Less than 24 hours after Denton became the first Texas city to ban fracking within city limits, the city is being sued. The Texas General Land Office and the Texas Oil and Gas Association are the first to challenge the new ordinance.
Denton voters passed the fracking ban by a 59-to-41 percent margin, becoming the first Texas city to ban fracking.
Michael Leza, a Denton resident who campaigned for the ban, told DeSmogBlog: “I'm really happy that the city managed to pull together and fight off the flood of industry propaganda and money. It shows that when people feel connected on a personal level with something they will get informed and vote in their own best interest. Unlike the statewide races where people seem more concerned with politics as a game that they are trying to win, here in Denton we saw a true grassroots movement drag the lovers of power kicking and screaming into protecting our health and safety, regardless of the wishes of the powerful to the contrary”
Michael Leza, a Denton resident © 2014 Julie Dermansky
Cathy McMullen at a planning meeting to get out the vote in Denton. © 2014 Julie Dermansky
The landslide vote was a surprise to Cathy McMullen, one of the founders of the Denton Drilling Awareness Group. She feared the Denton Taxpayers for a Strong Economy, a group formed to fight the ban, might sway voters since they outspent her group by 10 to 1, spending over $700,000 campaigning against the ban.
Denton Councilman Kevin Roden. © 2014 Julie Dermansky
After the victory, Denton Councilman Kevin Roden posted a message to his followers and his children on Facebook: “The bullies don’t win, kids. And your city just proved that tonight. Sleep well.”
But Roden knows this victory will only ramp up industry’s fight to do what they want. McCarthy era tactics have already been used by members of the Texas Railroad Commission and industry leaders. The fight isn’t over.
“The City Council is committed to defending the ordinance and will exercise the legal remedies that are available to us should the ordinance be challenged, ” Mayor Chris Watts said in a statement to the media following the results of early voting. “The City Council is committed to continuing the review of our gas well ordinance to ensure the utmost health, safety, and welfare of our residents, and we will continue to work with industry representatives to ensure full compliance with our gas well drilling ordinance.”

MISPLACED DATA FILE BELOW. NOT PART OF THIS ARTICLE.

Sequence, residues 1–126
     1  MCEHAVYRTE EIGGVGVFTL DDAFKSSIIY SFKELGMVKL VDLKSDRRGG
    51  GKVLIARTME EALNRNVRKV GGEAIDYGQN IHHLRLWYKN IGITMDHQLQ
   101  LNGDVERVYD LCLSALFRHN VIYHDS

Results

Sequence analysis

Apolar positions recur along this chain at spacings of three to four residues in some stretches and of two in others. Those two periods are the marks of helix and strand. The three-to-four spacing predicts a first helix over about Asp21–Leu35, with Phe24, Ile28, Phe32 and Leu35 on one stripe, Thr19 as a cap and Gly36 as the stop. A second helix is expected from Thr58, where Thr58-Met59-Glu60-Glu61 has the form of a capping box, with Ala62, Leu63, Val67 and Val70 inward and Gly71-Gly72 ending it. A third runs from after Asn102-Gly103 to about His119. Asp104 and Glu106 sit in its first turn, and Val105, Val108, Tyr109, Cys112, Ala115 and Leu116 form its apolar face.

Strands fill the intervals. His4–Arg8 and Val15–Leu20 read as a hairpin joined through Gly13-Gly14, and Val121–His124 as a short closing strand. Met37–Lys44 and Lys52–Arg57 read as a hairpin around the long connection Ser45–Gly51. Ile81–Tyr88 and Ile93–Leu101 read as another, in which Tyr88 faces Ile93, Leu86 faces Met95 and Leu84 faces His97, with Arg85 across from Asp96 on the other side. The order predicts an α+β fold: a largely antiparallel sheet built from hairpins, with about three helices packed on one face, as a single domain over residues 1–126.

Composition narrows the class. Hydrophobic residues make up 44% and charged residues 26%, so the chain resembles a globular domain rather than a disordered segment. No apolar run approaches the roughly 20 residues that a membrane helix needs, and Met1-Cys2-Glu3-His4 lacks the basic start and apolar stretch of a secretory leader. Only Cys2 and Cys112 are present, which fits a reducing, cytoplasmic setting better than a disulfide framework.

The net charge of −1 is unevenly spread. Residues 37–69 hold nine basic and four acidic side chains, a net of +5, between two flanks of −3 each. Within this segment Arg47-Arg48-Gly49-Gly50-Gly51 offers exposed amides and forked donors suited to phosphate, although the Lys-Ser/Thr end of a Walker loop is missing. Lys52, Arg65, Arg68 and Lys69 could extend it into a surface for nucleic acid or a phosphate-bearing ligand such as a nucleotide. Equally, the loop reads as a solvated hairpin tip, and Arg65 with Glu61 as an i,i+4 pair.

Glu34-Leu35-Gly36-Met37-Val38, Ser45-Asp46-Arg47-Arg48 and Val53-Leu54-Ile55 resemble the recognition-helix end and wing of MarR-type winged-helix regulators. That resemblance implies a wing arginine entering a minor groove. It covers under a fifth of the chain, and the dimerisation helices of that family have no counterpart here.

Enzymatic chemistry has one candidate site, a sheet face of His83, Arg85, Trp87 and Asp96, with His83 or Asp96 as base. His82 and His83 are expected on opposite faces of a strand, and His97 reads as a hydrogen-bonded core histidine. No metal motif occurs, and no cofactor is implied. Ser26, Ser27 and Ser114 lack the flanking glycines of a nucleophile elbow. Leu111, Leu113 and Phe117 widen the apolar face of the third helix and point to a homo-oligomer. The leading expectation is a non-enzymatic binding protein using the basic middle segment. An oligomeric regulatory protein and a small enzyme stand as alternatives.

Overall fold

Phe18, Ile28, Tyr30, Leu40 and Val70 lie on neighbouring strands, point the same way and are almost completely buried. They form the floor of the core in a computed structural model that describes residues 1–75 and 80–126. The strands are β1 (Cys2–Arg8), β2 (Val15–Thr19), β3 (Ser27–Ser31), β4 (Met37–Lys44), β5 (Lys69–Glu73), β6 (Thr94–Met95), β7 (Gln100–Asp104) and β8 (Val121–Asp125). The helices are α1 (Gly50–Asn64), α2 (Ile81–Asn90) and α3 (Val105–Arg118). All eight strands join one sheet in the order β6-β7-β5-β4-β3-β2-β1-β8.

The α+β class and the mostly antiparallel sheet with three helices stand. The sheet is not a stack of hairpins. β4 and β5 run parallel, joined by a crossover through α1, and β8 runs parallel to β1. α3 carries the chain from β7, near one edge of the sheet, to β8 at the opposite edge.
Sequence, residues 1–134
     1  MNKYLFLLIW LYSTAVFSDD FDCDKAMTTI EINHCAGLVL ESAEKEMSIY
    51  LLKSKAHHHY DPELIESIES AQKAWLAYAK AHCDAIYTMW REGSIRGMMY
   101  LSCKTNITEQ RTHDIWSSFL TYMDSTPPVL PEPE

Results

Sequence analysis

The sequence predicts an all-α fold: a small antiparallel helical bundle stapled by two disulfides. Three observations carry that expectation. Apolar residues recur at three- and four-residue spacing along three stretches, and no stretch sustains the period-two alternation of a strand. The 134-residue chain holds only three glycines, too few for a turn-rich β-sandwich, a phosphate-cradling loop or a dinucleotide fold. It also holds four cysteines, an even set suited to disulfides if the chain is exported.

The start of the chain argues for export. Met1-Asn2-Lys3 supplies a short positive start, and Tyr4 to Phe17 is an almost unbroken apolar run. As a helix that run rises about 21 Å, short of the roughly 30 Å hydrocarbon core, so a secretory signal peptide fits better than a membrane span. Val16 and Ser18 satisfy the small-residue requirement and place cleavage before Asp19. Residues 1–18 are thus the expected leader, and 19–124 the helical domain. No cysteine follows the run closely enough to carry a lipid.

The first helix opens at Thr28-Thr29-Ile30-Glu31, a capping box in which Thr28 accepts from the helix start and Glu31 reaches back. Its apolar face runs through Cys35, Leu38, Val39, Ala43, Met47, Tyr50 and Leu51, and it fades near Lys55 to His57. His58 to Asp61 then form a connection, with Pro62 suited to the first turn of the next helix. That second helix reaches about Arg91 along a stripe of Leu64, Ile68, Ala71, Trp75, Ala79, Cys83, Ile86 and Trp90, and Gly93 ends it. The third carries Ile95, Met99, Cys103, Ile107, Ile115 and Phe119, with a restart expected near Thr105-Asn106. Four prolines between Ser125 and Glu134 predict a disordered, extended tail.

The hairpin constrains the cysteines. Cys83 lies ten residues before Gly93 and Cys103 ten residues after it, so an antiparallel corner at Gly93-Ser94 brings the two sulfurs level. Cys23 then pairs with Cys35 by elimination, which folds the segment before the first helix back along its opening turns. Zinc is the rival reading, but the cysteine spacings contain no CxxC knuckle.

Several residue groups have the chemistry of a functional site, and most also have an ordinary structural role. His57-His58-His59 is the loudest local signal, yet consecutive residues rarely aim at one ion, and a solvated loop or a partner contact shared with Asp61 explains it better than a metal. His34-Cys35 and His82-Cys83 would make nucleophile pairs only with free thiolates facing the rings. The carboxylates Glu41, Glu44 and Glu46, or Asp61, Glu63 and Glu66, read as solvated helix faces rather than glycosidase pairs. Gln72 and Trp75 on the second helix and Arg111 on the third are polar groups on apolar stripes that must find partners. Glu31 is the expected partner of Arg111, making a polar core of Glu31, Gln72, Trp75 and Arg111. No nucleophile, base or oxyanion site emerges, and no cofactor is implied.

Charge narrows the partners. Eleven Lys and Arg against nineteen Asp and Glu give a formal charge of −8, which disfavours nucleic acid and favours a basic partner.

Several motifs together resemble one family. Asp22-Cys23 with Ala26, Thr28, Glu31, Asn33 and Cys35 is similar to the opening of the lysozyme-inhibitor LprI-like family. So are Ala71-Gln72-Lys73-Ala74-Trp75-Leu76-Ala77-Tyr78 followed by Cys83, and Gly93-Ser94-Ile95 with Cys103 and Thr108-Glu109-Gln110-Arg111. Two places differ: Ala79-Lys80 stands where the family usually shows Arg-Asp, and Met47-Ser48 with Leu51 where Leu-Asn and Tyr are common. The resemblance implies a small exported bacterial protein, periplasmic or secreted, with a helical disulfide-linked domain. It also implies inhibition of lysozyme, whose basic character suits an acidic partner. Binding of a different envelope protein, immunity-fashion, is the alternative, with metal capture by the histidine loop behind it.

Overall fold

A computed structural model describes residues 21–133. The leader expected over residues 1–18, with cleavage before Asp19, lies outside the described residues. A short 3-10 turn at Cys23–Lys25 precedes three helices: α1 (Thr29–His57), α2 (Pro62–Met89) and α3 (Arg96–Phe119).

The city has over $4 million set aside to fight lawsuits. And the Denton Drilling Awareness group has been consulting lawyers every step of the way while preparing for the passage of the fracking ban.
Before the vote, Roden told DeSmogBlog the city is ready for the inevitable lawsuits following a ban. He doesn't believe lawsuits will bankrupt the city
“I had hoped that this vote—especially with the majority we won by–would make industry stop their bullying ways, that they would see they are doing something wrong,” McMullen told DeSmogBlog after she got word about the first two lawsuits. “They don't care what they are doing to this community. First they will poison us and then they will try to bankrupt us.” But she doesn't think industry will win. Her advise to them: “If you want to prevent more bans, especially in towns that know drilling best, do yourselves a favor and listen to concerned citizens.”
Next up will be the challenges from Texas legislators who have threatened to pass legislation to take away home rule powers from cities that stand up to the oil and gas industry.
Home rule empowers local municipalities to control zoning ordinances by trumping state rules. And it is jeopardizing the fracking industry’s unchecked expansion in America.
New York State recently upheld fracking bans put in place by home rule. And a court in Louisiana recently let St Tammany Parish move forward with their case against Helis Oil. The Parish is using home rule to stop fracking in Abita Springs 45 miles outside of New Orleans.
McMullen points out that politicians trying to crush cities' rights to home rule goes against the Republican principle of being against big government.
“This isn’t a ban on fracking everywhere. If you want fracking in your community, fine. Keep it. But in Denton, we don’t. And if you force it on us anyway, that is the very definition of big government,” she says.